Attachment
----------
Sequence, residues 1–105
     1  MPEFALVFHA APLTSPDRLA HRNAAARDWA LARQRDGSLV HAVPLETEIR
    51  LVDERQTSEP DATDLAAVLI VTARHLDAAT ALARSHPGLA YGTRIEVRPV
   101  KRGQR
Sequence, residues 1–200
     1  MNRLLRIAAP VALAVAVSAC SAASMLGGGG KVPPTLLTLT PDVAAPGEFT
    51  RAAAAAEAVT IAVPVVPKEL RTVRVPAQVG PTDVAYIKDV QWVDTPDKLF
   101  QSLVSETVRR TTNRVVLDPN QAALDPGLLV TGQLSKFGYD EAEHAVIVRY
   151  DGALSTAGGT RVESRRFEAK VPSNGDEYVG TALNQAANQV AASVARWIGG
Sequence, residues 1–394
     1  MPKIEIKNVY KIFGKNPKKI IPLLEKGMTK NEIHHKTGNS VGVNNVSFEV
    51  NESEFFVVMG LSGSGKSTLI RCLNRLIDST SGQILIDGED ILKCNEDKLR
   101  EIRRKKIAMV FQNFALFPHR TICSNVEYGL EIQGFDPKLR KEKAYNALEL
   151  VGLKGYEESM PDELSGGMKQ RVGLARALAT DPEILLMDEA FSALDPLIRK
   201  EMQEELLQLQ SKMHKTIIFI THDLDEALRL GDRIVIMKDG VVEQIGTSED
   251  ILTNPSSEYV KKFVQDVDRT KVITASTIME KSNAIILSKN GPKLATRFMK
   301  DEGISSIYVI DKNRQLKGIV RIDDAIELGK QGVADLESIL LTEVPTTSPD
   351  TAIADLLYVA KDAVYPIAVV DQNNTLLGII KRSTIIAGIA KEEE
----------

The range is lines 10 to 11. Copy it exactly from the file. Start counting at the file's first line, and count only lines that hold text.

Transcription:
Sequence, residues 1–394
     1  MPKIEIKNVY KIFGKNPKKI IPLLEKGMTK NEIHHKTGNS VGVNNVSFEV